- Analyzing and mining data from company databases in order to improve marketing techniques, product development, and business strategies
- Assessing the accuracy and effectiveness of new data sources
- Developing algorithms and custom data models
- Use predictive modeling to optimize customer experience, ad targeting, and revenue generation
- Coordinate with different teams in order to implement strategies and monitor outcomes
To become a successful data scientist, you will need both technical and nontechnical skills. Let’s start by talking about the technical skills that you’ll need.
Python coding is the most common coding language that’s required in data science roles.
This is because Python coding is extremely versatile and can be used at almost any step of the data analysis process.
As a data scientist, you’ll likely be expected to be able to write queries in SQL. This is a programming language that can help you carry out certain operations such as adding and deleting extract data from a database.
Machine Learning and AI
As a data scientist, you’ll need to be proficient in machine learning techniques. This includes things such as reinforcement learning, neural networks, and adversarial learning.
If you want to stand out from other data scientists, you’ll want to learn machine learning techniques such as decision trees, supervised machine learning, and logistic regression.
Other technical skills that are required for data scientists include:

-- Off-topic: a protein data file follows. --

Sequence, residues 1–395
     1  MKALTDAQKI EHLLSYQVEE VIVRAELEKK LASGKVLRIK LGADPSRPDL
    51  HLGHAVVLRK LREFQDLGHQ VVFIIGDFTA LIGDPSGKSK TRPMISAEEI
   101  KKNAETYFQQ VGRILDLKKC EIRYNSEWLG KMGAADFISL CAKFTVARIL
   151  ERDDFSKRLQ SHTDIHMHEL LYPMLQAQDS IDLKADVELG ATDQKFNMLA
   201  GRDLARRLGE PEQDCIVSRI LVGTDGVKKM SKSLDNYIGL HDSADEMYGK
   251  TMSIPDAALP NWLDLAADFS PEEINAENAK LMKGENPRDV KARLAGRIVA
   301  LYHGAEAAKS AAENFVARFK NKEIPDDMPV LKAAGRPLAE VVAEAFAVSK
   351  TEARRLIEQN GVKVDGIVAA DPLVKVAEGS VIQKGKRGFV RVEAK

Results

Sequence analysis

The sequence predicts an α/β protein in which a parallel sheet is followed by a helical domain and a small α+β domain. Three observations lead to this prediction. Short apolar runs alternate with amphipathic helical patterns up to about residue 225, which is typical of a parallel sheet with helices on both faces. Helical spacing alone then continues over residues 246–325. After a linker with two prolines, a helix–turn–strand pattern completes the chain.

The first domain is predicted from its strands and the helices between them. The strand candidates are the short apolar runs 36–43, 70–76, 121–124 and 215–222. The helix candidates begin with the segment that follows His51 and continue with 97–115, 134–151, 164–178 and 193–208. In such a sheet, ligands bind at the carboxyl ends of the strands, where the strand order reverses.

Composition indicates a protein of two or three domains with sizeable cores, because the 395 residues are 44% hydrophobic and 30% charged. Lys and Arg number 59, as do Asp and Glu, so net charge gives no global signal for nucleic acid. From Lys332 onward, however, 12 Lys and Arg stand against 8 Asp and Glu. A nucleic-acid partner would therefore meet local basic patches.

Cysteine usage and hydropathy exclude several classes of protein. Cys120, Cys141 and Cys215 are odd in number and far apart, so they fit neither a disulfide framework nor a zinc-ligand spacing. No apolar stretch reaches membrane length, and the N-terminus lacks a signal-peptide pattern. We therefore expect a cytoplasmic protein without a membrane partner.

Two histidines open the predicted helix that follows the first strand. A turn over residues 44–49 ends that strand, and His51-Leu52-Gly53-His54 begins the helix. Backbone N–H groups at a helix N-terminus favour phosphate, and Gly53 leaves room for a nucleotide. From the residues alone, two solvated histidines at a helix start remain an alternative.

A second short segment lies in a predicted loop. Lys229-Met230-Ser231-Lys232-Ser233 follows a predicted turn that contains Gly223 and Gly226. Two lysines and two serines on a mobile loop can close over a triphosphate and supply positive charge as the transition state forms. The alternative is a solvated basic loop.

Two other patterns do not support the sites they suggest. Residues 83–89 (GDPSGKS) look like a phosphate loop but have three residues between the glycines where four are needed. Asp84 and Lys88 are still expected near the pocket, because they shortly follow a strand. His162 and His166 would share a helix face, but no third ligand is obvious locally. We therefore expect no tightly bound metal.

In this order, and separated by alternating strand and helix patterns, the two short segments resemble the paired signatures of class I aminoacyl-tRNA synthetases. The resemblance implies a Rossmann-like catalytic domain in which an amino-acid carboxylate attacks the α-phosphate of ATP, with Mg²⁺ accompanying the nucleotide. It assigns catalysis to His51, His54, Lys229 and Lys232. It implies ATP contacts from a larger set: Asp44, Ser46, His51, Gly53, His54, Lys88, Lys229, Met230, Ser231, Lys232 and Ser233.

- Data visualization
- Apache Spark
- Hadoop Platform
- R Programming
- Software engineering
- Data intuition
- Data wrangling
- Multivariable calculus
- Linear algebra
As a data scientist, the nontechnical skills you possess are just as important as the technical skills. The nontechnical skills you need include:
As a data scientist, you’ll need to regularly update your knowledge by reading relevant books and online content.
And, you’ll have to constantly be searching for insight into the data you collect. You’ll also need to have curiosity in regards to industry trends and news. You can learn more about this here.
As we mentioned earlier, you’ll need to be able to translate the data you collect into terms that other business professionals will understand.
You’ll need to understand how the business you’re working for operates so you can direct your efforts in the right direction.
As a data scientist, you’ll need to be able to fluently and clearly translate the technical data you find to a non-technical team.
You’ll be working with IT departments, marketing departments, and sales departments, and you’ll be expected to communicate well with each of them.
Many people envision data scientists working alone all day in front of a computer. However, this is not the case.
As a data scientist, you’ll work with company executives, product managers, and designers in order to create better products and services.
Data Scientist Job Description: Wrap Up
Now that you’ve read this data scientist job description, it’s time to decide whether a career in data science is right for you.
If you liked this job description guide, be sure to check back in with our blog for more job-related posts.